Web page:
Not every person can file a Chapter 13 bankruptcy, and even if you qualify, it might not be the best financial solution for you. When considering bankruptcy, you have several options, and once you choose a bankruptcy path, there are still many details to consider. That's why it's important to consult with a legal professional before you file a bankruptcy petition. Your choices could determine what you lose and what benefits you gain during a bankruptcy.
To file for Chapter 13 bankruptcy, which is also known as a personal debt reorganization plan, you must be an individual or a couple. Businesses can't file for this type of bankruptcy, although they might be able to opt for Chapter 11.
Your debts and income must be within certain parameters to successfully file a Chapter 13 petition. First, Chapter 13 is not allowed if you have more than $336,900 in debts that are unsecured and more than $1,010,650 in secured debts, which could include mortgages and vehicle loans. These debt limits are adjusted every three years, and might not be the same when you attempt to file your bankruptcy, which is another reason to consult a professional.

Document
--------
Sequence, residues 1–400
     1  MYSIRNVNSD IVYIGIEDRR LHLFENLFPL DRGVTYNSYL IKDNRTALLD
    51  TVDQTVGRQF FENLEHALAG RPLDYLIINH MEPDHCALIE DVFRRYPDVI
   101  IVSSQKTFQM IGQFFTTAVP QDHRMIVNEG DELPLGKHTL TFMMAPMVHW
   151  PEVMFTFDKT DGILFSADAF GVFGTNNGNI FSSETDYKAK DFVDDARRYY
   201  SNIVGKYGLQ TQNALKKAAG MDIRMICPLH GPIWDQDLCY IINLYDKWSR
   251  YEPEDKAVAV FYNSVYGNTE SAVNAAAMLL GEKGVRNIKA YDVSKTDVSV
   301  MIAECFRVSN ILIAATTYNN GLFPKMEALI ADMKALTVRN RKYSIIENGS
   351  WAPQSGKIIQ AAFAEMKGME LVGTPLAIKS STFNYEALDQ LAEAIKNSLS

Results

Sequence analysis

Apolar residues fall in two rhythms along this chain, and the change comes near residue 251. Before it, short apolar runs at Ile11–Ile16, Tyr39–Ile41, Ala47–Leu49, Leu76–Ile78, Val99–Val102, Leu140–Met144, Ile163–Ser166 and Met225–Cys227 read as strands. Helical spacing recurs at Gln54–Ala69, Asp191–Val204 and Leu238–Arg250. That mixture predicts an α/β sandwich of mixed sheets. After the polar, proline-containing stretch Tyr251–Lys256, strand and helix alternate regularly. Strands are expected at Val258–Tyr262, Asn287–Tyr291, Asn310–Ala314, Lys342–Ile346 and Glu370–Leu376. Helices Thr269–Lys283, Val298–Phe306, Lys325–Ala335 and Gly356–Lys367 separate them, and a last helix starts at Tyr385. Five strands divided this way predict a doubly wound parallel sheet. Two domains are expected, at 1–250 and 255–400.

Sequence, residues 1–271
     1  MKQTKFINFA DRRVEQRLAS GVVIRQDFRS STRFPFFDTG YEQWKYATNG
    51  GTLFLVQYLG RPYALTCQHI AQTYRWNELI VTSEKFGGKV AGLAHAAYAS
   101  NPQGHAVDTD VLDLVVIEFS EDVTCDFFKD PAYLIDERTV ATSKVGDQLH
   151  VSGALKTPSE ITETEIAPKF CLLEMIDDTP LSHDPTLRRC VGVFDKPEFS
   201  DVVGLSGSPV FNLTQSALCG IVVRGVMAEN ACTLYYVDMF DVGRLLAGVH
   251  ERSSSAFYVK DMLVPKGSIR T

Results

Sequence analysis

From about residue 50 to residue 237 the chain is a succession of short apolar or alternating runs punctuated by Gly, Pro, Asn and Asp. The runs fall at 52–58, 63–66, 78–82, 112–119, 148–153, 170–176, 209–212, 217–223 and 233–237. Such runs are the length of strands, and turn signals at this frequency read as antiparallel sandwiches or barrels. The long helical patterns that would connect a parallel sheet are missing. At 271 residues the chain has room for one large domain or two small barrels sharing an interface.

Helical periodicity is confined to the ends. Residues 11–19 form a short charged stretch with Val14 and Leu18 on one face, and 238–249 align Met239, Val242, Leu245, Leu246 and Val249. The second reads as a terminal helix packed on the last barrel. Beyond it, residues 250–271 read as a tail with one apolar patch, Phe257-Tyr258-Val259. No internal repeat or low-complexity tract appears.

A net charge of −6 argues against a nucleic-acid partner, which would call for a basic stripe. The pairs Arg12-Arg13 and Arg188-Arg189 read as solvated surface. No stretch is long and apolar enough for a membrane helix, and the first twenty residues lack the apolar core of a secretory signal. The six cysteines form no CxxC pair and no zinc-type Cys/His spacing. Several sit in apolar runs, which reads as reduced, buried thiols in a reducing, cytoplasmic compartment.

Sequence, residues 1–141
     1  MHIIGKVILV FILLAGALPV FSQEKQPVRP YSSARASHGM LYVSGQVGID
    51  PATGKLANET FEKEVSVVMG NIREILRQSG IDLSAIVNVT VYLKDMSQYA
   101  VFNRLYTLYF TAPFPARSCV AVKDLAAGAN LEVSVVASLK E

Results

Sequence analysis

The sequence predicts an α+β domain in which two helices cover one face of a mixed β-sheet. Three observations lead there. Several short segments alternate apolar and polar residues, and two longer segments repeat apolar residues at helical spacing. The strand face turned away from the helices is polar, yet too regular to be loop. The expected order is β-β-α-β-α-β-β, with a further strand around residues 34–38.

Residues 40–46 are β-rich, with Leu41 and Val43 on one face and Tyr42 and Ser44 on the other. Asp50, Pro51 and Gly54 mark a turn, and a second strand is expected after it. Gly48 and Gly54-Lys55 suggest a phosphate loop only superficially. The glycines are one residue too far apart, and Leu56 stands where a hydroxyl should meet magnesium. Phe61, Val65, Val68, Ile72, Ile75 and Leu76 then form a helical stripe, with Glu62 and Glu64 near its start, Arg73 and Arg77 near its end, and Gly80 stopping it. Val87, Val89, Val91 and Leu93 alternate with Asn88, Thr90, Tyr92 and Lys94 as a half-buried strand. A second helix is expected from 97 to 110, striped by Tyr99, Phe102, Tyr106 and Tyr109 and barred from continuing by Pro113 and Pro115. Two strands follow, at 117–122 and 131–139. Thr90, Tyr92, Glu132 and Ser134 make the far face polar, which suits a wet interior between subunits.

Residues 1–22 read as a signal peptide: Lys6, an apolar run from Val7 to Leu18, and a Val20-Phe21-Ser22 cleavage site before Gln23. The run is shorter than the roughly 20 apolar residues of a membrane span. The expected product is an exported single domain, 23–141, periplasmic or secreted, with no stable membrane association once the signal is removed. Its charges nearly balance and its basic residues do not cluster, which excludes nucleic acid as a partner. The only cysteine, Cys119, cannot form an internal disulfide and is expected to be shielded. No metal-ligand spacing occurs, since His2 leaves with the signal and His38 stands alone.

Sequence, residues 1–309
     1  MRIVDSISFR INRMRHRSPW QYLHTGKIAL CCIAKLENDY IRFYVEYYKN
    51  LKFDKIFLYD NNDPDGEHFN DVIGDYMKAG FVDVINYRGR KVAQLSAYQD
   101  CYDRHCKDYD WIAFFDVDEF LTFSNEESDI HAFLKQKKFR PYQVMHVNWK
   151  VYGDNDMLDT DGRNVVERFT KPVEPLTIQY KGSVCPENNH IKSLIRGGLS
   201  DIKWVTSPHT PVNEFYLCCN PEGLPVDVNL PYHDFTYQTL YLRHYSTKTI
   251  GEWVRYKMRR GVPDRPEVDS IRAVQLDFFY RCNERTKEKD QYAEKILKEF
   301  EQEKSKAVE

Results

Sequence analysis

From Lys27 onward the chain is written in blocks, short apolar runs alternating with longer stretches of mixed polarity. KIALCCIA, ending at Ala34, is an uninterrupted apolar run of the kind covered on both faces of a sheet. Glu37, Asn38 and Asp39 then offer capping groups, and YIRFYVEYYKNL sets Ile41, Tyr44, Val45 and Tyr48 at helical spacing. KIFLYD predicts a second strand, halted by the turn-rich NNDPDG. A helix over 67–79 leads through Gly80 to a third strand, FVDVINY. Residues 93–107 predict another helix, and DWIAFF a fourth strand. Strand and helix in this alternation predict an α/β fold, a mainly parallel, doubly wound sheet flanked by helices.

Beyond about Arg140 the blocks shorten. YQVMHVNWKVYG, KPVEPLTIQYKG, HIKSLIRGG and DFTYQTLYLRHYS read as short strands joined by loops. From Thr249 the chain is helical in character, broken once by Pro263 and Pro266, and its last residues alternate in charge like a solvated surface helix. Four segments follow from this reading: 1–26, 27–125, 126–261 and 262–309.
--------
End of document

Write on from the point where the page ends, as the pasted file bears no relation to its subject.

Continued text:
You also have to be able to show that you have enough income to make the payments proposed in your Chapter 13 plan. Other requirements for filing a Chapter 13 bankruptcy include completing credit counseling according to court requirements, filing all your income tax returns beforehand and creating a plan that pays back all required debts such as priority debts associated with taxes.
If you are dealing with a debt crisis, Chapter 13 might be a way to recover while making payments on your obligations. Chapter 13 usually reduces the amount you pay unsecured creditors in total, making it possible to repay debts over three to five years while having some amounts discharged.
Source: FindLaw, "Who Can File for Chapter 13 Bankruptcy?," accessed July 13, 2016